were on average 23% and 24% lower for females sitting and standing, more accurate estimates of energy requirements for specific building
and 16% and 16% lower for males sitting and standing, relative to the occupants, but methods for doing so are not described in this paper.
values predicted with Equation 4. Using the approach described in this While the application of such schedule-based approaches has not
paper, with values of M for sitting and standing of 1.2 and 1.3 (based been studied, they certainly have merit. Future research to demon-
on Tables2 and 3) and RQ equal to 0.85, the mean differences be- strate and quantify the improvement in the accuracy of estimated CO2
tween the measured and predicted CO2 generation rates decrease to generation rates using activity schedules will be of interest. Additional
7%, 3%, 10%, and 0%. Therefore, the conclusion of Qi etal. 29 that work is also needed to examine the uncertainty associated with these
Equation 2 should be adjusted with a correction factor when applied estimates of CO2 generation for groups as a function of the number of
to Chinese subjects more likely reflects the use of the older calcula- individuals in the group, as well as for individuals.
tion method and data rather than a fundamental difference for the
test subjects. That said, the BMR values of Chinese adults have been
shown to be lower than predicted using available equations, which 7|CONCLUSIONS
may explain some of the observed differences between the predic-
tions and measurements.47 However, the BMR values calculated using This paper presents an approach to estimating CO2 generation rates
the equations in Liu etal. do not result in significantly better agree- from building occupants for use in the fields of IAQ and ventilation.
ment between predicted CO2 generation rates and those measured The approach and data are based on concepts from the fields of
by Qi etal.
human metabolism and exercise physiology. They constitute a sig-
48
Fan etal. report measured CO2 generation rates in a naturally
nificant advance in the analysis of IAQ and ventilation and should be
ventilated room, and compare them to predictions using the approach
considered in future applications of CO2 in ventilation and IAQ studies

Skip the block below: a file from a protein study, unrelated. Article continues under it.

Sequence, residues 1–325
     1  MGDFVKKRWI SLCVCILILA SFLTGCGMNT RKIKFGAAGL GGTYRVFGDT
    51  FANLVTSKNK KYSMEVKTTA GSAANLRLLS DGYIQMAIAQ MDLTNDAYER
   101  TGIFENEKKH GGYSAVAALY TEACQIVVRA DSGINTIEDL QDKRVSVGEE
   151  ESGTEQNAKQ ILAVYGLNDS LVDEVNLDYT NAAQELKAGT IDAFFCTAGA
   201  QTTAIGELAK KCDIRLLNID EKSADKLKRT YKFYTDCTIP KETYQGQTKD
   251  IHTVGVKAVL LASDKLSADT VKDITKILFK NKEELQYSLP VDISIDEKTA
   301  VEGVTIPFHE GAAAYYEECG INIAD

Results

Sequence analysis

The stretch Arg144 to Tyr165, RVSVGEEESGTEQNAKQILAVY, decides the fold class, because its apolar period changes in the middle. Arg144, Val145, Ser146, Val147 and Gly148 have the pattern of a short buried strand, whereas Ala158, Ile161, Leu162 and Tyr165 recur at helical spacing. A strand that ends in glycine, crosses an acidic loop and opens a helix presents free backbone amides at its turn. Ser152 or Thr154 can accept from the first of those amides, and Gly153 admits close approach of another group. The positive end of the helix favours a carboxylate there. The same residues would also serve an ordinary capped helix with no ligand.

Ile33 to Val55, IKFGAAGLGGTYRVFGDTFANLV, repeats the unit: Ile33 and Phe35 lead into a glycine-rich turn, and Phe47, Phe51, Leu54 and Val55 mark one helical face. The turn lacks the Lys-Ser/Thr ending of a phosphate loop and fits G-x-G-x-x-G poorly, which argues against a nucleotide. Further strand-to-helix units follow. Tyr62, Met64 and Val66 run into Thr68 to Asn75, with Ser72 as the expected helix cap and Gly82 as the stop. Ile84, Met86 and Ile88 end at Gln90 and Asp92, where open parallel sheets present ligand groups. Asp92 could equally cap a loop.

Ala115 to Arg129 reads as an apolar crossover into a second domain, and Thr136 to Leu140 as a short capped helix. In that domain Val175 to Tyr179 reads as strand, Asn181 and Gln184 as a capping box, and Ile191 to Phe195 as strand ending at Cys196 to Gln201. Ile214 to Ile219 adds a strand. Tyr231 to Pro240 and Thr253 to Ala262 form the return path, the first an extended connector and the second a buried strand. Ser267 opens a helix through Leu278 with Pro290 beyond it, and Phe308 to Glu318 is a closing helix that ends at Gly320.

embodied in Equation 4 of this paper. For the six subjects in the Fan and standards. In addition, the sources of physical activity data iden-
et al. study (three males and three females in their mid-twenties), the tified should be incorporated into the references that currently use
measured generation rates were on average 17% and 25% lower than older and much more limited data sources, that is, ASHRAE Standard
those predicted by Equation 4 for the male and female subjects, re- 55, the ASHRAE Fundamentals Handbook, ISO Standard 8996, and
spectively. Using the BMR-based calculation presented in this paper ASTM D6245.16,20,24,28 In addition, guidance on CO2 set points for the
in Equation 9, with a value of 1.1 met as employed by Fan etal., the application of demand control ventilation should be updated to reflect
measured rates were on average 2% and 8% higher than the calculated the information in this paper.
rates for the male and female subjects, respectively, again demon-
strating the improved accuracy of this estimation method. Other than
these two studies (Qi and Fan), there is very little published data on AC KNOW L ED G EM ENTS
measured CO2 generation rates from people. Additional data will be
The authors acknowledge Stephen Hermann of the Childrens Health
helpful in assessing the estimation method presented in this paper.
Research Center at Sanford Research for his assistance in understanding
The CO2 generation rate estimation method described here is ap-
and using the compendium of physical activities, and Gregory Linteris of
plicable to groups of individuals, as the theory behind the method and
NIST for his help in confirming many of the calculations in the study.
the data are based on groups, not single individuals. As noted earlier,
if the rate of energy consumption or CO2 generation of a specific indi-